Journalists For Empire: The Imperial Debate In The Edwardian Stately Press, 1903-1913

Hardcover | May 1, 1991

byJames D. Startt

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Between 1903 and 1913, an extensive public debate played itself out in the British press involving the self-governing dominions of the Empire. The debate centered on three large topics--tariff reform, South African reconstruction, and imperial unity--and saw the participation of some of the most respected figures in Edwardian journalism. This book presents a thorough discussion of the involvement of these renowned journalists and the quality press in this debate, examining Edwardian imperial thought as it was reflected in their work. In addition, the quality of their political journalism is evaluated, particularly in regard to its enduring value. The book begins with several introductory chapters, including sections on the journalists James Louis Garvin, John St. Loe Strachey, and John Alfred Spender. The three imperial issues are then fully detailed in light of serious journalistic opinion regarding them. These chapters help to underscore the perceptions informed publicists had about the Empire in general and its future, and to trace the development of thought concerning dominion relations, press opinion about South African reconstruction, and the Tariff Reform vs. Free Trade debate. Among the other topics addressed are the role of the quality press in Edwardian public debate, the attitude toward imperialism following the Boer War, and the strength of the public press in Edwardian political journalism. The book concludes with a chapter that places the entire subject in a broader, 20th-century framework. This book will be a valuable addition to public, college, and university libraries, as well as a useful resource for courses in British history and the history of journalism.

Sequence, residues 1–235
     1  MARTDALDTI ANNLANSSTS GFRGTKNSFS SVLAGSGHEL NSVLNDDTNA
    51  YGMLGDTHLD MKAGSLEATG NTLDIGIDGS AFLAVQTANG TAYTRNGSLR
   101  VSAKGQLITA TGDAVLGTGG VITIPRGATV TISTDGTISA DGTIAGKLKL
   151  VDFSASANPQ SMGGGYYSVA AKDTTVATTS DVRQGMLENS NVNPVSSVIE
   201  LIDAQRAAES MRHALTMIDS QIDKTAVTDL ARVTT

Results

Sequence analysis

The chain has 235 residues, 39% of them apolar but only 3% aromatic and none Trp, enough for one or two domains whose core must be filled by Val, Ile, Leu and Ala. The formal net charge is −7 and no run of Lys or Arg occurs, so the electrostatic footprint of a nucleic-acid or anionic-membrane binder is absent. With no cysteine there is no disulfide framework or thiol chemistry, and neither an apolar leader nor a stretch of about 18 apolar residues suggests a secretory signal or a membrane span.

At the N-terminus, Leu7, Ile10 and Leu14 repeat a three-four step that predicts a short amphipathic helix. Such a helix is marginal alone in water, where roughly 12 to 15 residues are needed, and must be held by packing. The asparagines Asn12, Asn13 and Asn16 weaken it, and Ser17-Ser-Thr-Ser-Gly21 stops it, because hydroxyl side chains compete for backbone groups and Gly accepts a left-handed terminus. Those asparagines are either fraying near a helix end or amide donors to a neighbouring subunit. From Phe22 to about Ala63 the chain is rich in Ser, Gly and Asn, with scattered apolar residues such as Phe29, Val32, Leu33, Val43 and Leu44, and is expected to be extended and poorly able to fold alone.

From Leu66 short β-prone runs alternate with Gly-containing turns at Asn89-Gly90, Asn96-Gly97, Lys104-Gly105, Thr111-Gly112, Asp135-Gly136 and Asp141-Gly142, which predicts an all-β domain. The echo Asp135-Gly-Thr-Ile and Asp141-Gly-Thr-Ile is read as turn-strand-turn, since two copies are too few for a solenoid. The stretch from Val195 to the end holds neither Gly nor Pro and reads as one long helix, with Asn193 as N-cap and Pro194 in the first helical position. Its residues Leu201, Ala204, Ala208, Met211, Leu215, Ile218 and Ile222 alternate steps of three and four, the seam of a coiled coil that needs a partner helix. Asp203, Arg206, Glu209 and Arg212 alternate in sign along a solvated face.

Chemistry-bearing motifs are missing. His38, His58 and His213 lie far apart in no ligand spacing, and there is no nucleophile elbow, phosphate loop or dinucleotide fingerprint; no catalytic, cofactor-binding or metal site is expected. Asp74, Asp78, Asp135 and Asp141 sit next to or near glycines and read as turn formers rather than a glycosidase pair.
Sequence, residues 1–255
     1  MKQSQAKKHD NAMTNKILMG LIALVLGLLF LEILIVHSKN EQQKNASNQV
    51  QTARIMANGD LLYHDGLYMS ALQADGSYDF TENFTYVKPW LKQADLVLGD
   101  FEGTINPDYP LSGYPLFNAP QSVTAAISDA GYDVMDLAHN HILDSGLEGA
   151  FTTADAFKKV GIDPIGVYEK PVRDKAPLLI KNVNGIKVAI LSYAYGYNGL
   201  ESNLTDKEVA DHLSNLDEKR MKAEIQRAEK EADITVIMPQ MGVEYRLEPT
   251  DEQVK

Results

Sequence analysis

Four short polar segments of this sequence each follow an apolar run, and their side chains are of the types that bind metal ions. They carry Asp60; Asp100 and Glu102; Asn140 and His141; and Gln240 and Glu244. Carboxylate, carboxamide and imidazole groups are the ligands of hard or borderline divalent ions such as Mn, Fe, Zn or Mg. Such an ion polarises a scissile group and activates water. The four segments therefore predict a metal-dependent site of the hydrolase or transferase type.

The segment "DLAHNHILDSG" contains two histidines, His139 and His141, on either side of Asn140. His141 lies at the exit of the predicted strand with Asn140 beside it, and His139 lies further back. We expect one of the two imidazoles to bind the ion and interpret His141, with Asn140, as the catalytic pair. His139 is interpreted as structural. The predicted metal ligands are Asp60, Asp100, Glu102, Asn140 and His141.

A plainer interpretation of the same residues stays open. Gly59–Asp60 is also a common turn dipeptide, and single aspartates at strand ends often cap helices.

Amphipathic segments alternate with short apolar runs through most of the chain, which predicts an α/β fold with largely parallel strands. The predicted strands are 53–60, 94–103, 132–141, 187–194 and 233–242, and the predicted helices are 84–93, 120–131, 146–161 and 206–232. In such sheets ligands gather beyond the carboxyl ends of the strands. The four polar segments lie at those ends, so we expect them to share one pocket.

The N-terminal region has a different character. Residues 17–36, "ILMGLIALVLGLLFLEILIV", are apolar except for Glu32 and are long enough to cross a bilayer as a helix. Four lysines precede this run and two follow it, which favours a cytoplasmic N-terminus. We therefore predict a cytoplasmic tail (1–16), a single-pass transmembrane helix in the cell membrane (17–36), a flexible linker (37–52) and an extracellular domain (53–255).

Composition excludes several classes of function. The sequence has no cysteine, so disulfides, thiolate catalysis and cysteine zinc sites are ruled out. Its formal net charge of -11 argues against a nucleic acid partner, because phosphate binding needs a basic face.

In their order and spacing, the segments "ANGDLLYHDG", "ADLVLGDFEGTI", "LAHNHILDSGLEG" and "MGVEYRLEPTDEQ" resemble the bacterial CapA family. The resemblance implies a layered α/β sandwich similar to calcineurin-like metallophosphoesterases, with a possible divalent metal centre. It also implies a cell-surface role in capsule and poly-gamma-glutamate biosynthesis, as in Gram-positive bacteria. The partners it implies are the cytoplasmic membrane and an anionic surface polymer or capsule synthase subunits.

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Between 1903 and 1913, an extensive public debate played itself out in the British press involving the self-governing dominions of the Empire. The debate centered on three large topics--tariff reform, South African reconstruction, and imperial unity--and saw the participation of some of the most respected figures in Edwardian journalis...

Format:HardcoverDimensions:288 pages, 9.41 × 7.24 × 0.98 inPublished:May 1, 1991Publisher:GREENWOOD PRESS INC.

The following ISBNs are associated with this title:

ISBN - 10:0313277141

ISBN - 13:9780313277146

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?Startt has previously written a biography of E.P. Bell, Journalism's Unofficial Ambassador (1979), and with William David Sloan, a communications textbook, Historical Methods in Mass Communication (1989). Here he again combines his interest in history and journalism. His principal focus is narrow: the response of the "stately press" to the debate over empire in the decade before WW I. Startt's "imperial journalists" are J.L. Garvin, John St. Loe Strachey, J.A. Spender, and writers and editors at The Times. Using archival as well as published sources, he traces their public and private attitudes toward tariff reform, Chinese labor and political reconstruction in South Africa, and the search for imperial cooperation. Start aptly connects his subjects with broader developments, and his writing is lucid. The result is an excellent insight into the journalism of the Edwardian era and its relationship to politics. Journalists for Empire is useful in itself and as a supplement to other studies, e.g., volume 2 of Stephen Koss's masterful The Rise and Fall of the Political Press in Britain (London, 1981). Bibliography and index are good. Upper-division undergraduates and above.?-Choice